Can I assure Maria Fyfe (Letters, 1 July) that in my defence of the late Dr Robert McIntyre’s seminal role as the first SNP MP in the political history of modern Scotland (Letters, 29 June) I in no way wished to demean the contribution of Enlightenment luminaries such as David Hume and Adam Smith to our nation’s intellectual and cultural history.
I should have thought, nevertheless, that as a retired politician herself she might be prepared to concede that a country’s political history provides a context in which its intellectual and cultural pursuits can flourish – or not, as the case might be.
In this respect it is no accident that the pre-Second World War emergence of a political National Movement in Scotland coincided with the modern Scottish literary renaissance, featuring writers and poets such as Hugh MacDiarmid, Compton Mackenzie, RB Cunninghame Graham and Neil Gunn – the latter a novelist much admired, incidentally, by Dr McIntyre himself.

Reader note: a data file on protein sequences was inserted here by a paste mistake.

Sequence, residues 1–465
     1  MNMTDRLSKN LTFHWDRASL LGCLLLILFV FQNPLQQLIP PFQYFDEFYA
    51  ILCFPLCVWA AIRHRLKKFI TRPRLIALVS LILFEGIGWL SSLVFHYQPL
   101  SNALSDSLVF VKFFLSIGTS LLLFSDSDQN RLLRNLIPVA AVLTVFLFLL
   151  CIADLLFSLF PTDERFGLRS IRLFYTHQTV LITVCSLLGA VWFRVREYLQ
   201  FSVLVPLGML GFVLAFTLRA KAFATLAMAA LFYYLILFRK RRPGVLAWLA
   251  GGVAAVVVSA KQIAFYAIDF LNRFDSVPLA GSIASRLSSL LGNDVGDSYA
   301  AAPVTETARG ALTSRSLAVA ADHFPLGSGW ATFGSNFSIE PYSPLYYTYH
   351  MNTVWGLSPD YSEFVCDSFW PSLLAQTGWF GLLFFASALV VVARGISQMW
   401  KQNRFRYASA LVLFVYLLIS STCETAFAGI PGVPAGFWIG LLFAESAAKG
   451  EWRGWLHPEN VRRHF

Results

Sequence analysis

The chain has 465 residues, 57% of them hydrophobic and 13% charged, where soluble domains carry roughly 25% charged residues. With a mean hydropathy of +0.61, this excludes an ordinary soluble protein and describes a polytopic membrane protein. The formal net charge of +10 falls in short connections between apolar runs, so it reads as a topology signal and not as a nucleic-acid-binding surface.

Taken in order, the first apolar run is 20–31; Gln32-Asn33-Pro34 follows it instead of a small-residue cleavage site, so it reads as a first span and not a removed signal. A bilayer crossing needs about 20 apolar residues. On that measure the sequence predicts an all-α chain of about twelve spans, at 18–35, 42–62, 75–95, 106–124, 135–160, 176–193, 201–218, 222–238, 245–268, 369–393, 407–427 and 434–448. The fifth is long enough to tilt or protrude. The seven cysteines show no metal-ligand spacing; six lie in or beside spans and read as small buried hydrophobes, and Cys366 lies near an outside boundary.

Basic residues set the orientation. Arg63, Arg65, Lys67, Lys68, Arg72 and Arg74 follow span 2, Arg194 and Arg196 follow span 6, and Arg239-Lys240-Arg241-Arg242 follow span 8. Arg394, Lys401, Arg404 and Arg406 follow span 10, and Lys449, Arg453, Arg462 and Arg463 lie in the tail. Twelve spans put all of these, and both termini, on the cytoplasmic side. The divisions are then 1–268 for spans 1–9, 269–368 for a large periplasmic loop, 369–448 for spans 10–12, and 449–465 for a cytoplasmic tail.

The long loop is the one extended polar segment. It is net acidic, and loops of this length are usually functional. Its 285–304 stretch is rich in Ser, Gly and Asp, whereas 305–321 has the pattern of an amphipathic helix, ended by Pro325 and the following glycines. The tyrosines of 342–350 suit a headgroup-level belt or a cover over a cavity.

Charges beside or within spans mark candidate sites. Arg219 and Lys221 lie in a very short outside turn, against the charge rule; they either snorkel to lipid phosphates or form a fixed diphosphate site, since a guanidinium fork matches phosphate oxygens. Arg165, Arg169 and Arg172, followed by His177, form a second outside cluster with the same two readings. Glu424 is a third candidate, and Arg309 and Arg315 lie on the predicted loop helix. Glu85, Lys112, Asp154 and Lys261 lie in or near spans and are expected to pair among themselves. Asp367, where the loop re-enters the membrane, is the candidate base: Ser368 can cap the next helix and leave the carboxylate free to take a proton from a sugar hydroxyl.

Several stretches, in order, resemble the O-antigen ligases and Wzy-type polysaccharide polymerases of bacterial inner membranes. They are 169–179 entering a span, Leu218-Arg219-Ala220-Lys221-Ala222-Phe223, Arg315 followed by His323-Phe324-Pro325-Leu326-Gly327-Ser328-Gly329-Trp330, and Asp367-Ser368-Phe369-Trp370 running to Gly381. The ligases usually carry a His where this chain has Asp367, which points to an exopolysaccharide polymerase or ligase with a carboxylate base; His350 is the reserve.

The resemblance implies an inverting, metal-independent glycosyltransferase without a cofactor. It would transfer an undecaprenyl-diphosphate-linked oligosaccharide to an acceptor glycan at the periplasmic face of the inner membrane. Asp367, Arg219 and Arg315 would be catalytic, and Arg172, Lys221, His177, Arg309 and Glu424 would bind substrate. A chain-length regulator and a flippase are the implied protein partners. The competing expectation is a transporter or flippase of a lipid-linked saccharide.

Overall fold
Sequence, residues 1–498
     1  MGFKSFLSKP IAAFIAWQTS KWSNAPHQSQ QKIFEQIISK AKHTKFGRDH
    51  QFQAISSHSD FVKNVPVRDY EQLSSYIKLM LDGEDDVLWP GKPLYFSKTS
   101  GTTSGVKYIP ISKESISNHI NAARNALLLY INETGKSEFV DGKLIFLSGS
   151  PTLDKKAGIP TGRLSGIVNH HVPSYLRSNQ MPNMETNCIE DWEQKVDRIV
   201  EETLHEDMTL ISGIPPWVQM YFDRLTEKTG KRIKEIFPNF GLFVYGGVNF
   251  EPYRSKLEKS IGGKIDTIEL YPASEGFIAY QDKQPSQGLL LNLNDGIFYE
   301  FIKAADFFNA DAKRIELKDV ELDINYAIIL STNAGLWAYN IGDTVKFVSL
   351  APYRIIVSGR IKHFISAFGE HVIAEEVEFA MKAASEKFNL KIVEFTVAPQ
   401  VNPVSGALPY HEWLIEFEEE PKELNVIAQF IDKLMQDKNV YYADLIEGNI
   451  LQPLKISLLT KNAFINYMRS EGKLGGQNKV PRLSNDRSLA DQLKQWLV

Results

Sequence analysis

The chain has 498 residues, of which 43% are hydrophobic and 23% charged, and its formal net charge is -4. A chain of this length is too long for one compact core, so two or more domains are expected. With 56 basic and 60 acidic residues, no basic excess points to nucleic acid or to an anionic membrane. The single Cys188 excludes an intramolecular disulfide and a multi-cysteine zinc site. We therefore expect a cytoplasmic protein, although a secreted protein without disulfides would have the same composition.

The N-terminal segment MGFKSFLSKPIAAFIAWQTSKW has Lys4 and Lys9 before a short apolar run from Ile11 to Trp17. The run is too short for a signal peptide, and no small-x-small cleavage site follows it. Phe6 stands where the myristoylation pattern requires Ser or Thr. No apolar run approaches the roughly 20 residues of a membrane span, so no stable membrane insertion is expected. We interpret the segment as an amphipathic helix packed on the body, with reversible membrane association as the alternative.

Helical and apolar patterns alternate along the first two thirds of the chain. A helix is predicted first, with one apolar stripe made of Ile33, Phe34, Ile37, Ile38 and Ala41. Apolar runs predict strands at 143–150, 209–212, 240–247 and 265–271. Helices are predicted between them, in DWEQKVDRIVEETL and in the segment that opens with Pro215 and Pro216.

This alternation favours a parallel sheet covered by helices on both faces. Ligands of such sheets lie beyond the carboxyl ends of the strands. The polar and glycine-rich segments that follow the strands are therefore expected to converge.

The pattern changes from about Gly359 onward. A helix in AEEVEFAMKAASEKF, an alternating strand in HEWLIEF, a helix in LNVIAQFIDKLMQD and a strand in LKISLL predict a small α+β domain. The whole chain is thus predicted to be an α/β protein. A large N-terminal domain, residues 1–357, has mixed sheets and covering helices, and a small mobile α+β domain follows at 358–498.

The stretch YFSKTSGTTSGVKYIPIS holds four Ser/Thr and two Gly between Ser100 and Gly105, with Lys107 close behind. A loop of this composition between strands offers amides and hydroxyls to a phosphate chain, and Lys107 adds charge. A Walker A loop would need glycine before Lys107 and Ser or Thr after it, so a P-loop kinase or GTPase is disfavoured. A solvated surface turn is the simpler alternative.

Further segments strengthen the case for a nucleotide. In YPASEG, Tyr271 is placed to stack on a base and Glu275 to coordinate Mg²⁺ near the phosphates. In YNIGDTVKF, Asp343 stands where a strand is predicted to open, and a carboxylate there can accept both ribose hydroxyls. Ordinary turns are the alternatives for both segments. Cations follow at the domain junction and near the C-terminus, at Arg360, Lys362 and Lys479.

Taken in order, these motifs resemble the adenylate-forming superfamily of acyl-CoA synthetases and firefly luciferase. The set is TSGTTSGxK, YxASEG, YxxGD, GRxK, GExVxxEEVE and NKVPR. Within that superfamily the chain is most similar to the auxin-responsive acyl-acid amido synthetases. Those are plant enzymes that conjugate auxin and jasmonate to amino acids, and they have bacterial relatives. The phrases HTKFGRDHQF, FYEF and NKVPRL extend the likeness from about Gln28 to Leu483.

After all, if it hadn’t been for a political decision taken by the “parcel o’ rogues” in the old undemocratic Scots parliament three centuries ago, when they sold out their country’s heritage for “English gold”, there wouldn’t have been any need for the foundation of the SNP in the mid-20th century, and a social democratic Scotland on the Scandinavian pattern could by now have been long established.
IAN O BAYNE